REVIEW
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Anticholinergic drugs versus placebo for overactive bladder syndrome in adults.

BACKGROUND: Around 16% of adults have symptoms of overactive bladder (urgency with frequency and/or urge incontinence). The prevalence increases with age. Anticholinergic drugs are commonly used to treat this condition.

OBJECTIVES: To determine the effects of anticholinergic drugs for the treatment of overactive bladder syndrome.

SEARCH STRATEGY: The Cochrane Incontinence Group trials register was searched to January 2002.

SELECTION CRITERIA: Randomised or quasi-randomised trials in adults with overactive bladder syndrome that compared an anticholinergic drug with placebo treatment or no treatment.

DATA COLLECTION AND ANALYSIS: Two reviewers independently assessed eligibility, trial quality and extracted data. Data were processed as described in the Cochrane Collaboration Handbook.

MAIN RESULTS: Fifty one trials, 32 parallel designs and 19 crossover designs were included (6713 adults). Most trials were described as double-blind, but were variable in other aspects of quality. The crossover trials did not present data in a way that allowed inclusion in the meta-analysis. Seven medications were tested: darifenacin; emepronium bromide or carrageenate; oxybutynin chloride; propiverine; propantheline; tolterodine; and trospium chloride. One trial included the newer, slow release, formulation of tolterodine. After treatment, cure/improvement (RR 1.41, 95%CI 1.29 to 1.54), changes in leakage episodes in 24 hours (WMD -0.56, 95%CI -0.73 to -0.39), number of voids in 24 hours (WMD -0.59, 95%CI -0.83 to -0.36), maximum cystometric volume (WMD 53.85 ml, 95%CI 42.28 to 65.41), and volume at first contraction (WMD 52.25 ml, 95%CI 37.45 to 67.06), were significantly in favour of medication. Medication was associated with significantly higher residual volumes (WMD 4.06 ml, 95%CI 0.73 to 7.39) and more than two and a half times the rate of dry mouth (RR 2.61, 95% CI 2.27 to 3.00). Sensitivity analysis, while limited by small numbers of trials, showed little likelihood that these effects were modified by age, sex, diagnosis, or choice of drug.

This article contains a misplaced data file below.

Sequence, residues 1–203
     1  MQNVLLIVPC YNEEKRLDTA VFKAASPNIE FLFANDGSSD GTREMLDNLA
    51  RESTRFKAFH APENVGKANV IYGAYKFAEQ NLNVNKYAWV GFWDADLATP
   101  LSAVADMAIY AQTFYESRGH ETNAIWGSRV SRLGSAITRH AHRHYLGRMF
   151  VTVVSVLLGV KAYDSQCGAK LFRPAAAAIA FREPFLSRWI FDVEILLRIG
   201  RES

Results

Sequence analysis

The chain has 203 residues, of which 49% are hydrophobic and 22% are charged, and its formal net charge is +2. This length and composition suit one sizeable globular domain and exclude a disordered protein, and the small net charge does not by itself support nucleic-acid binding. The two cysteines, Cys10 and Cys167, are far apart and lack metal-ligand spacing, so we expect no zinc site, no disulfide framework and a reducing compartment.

REVIEWER'S CONCLUSIONS: The use of anticholinergic drugs by people with overactive bladder syndrome results in statistically significant improvement in symptoms. However, the clinical significance of these differences is uncertain, and the longer-term effects are not known. Dry mouth is a common side effect of therapy.

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